Justa Canaviri (born 1963) is an Aymara, Bolivian woman who has become noted for her dress in the traditional Chola dress and bowler hat, outspokenness on issues such as family violence, LGBT rights, and indigenous rights. Often called Bolivia's most recognizable chola, Canaviri changed the face of Bolivian television, when she began broadcasting her cooking show by introducing for the first time an indigenous woman as the main presence. In 2014, she was honored as one of the BBC's 100 Women Series.
Justa Elena Canaviri Choque was born on 13 August 1963 in La Paz, Bolivia to Filomena Choque and Ambrosio Canaviri. The second of four daughters in the family, Canaviri studied at the Tecnimod Academy with a focus on sewing and design, social work and took additional training in Bolivian gastronomy, studying the national food and pastries. She raised three children, Indira, Addis and José, working as a house cleaner to support them.
In 1999, Canaviri met the Bolivian screenwriter Guillermo Aguirre, who thought that she could work in television. He helped her secure work as a presenter on a television program, "La Cancha", which introduced products to consumers. After that show ended, she worked as a host on two short-lived programs, "Sábado Estelar" and "Fiebre de Sábado con la Canasta de La Justa". Because she could not find additional television work and she liked working in the medium, she wrote a program called "La Wislla de La Justa" and began pitching it to various independent producers. Radio Televisión Popular(RTP Bolivia), agreed to produce the show in 2002. Canaviri's program centered on food, but with Canaviri discussing political and social issues, as well as presenting cultural traditions. Within three months the program had become a hit and she began to think of producing it independently. After ten months, she went to work at the PAT Network and the program was renamed "La Justa", where she remained for the next three years.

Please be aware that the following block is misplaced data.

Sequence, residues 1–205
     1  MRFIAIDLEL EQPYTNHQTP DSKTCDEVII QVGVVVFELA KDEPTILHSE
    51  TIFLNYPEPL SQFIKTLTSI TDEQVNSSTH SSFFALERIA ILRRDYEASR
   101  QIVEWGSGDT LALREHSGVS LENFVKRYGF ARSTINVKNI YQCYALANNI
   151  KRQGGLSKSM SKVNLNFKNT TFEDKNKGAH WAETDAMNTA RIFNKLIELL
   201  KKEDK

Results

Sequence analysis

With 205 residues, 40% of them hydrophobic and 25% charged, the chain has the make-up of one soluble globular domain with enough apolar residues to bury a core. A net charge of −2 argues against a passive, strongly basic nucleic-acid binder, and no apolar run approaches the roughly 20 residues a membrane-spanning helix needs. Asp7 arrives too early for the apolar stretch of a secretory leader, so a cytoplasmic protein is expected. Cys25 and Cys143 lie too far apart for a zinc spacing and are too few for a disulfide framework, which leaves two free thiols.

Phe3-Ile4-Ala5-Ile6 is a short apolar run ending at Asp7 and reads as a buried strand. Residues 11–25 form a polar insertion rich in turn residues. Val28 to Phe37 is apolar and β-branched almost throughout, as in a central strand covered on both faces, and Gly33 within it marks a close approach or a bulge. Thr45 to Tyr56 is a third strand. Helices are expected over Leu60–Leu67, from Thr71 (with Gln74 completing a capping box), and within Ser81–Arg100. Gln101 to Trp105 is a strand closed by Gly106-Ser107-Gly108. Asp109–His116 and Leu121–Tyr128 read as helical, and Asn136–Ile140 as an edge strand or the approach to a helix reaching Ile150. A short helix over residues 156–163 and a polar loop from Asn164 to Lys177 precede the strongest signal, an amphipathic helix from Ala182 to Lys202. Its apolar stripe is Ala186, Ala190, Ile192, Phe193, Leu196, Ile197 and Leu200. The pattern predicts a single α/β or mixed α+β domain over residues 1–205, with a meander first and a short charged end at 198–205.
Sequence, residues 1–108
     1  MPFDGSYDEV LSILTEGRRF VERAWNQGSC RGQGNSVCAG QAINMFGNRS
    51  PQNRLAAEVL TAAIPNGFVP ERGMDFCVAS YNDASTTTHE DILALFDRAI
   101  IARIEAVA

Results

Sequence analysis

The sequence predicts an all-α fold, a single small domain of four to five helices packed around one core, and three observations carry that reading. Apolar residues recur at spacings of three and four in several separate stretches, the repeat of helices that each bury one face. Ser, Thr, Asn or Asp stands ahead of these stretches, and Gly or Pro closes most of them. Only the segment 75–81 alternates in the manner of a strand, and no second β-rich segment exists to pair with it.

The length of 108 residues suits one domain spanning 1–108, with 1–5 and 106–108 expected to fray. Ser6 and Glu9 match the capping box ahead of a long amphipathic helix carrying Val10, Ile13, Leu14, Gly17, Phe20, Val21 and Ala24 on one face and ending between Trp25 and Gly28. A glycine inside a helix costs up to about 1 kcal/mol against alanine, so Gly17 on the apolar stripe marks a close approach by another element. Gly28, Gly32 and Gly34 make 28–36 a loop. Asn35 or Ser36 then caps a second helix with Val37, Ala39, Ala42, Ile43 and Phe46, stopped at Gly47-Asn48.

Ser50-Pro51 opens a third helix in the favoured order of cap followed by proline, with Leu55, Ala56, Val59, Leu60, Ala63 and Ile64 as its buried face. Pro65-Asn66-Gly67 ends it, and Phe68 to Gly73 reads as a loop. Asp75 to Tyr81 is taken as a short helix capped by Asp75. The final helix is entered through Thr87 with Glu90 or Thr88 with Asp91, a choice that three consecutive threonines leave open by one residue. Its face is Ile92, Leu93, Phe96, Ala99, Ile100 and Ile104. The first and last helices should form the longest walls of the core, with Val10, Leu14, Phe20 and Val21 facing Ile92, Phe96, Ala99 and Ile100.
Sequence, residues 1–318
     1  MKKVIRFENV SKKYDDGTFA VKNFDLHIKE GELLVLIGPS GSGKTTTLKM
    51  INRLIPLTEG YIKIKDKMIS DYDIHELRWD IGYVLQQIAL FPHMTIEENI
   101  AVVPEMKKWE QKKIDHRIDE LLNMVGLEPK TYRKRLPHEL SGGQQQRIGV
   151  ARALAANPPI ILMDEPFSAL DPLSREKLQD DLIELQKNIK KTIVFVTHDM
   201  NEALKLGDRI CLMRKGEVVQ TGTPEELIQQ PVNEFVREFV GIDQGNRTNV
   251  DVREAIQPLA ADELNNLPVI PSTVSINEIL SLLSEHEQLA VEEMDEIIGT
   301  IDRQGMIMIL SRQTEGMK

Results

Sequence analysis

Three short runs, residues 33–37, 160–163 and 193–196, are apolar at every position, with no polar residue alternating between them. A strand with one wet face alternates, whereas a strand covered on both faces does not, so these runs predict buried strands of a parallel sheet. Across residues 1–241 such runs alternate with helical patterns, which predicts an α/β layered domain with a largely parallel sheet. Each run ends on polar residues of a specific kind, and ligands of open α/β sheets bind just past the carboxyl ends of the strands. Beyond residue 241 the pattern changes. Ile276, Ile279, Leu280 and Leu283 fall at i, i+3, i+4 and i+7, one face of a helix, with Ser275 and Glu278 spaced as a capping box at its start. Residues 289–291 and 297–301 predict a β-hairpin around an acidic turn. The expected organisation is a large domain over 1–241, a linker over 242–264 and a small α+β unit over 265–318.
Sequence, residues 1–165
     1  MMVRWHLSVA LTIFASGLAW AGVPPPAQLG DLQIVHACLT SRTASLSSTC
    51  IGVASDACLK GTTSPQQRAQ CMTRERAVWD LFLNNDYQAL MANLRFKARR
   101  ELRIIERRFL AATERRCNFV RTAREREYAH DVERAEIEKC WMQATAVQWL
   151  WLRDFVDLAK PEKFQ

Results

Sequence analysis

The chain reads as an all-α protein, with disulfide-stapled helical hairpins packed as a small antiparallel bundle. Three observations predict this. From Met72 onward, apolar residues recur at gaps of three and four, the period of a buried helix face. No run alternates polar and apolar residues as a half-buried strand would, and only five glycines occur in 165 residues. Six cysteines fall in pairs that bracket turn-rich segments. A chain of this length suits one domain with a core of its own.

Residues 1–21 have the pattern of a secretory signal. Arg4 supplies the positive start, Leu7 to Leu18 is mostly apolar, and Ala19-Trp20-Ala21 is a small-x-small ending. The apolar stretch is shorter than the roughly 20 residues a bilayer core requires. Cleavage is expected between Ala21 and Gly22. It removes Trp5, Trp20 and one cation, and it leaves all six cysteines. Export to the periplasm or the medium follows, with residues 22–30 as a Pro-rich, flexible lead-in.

Canaviri was a trendsetter. Before she went on the air, television in Bolivia was dominated by those of European ancestry. Proud of her heritage, Canaviri wanted her program to depict who she really was. She wore her hair in braids, topped with the bowler hat typically worn by cholas, and the traditional multi-pleated polleras. In 2006, Canaviri moved her show to Bolivia TV. where she continued to present lively conversation and recipes. In 2013, when she felt that Bolivia TV wanted a younger image and was trying to censor her discussions, Canaviri expanded her options and began airing her program on Virgen de Copacabana TV in El Alto, becoming the first presenter to air a program on two separate channels.
Canaviri broke the concepts of beauty and stereotypes associated with indigenous women, becoming "the most famous chef on Bolivian television". She discussed such topics as weight, violence against women and abuse, discrimination against indigenous people and their rights, and LGBT issues in Bolivia. In 2014, she was honored by the BBC as one of the most inspirational 100 Women of the year. That same year, she was selected by Kimberly-Clark Bolivia as one of the women models in their golden years who would represent their Poise brand of products. She has become one of the most influential women in Bolivia and has participated as a chef and in workshops for women in Argentina, Brazil, Chile, Panama, Peru and the United States.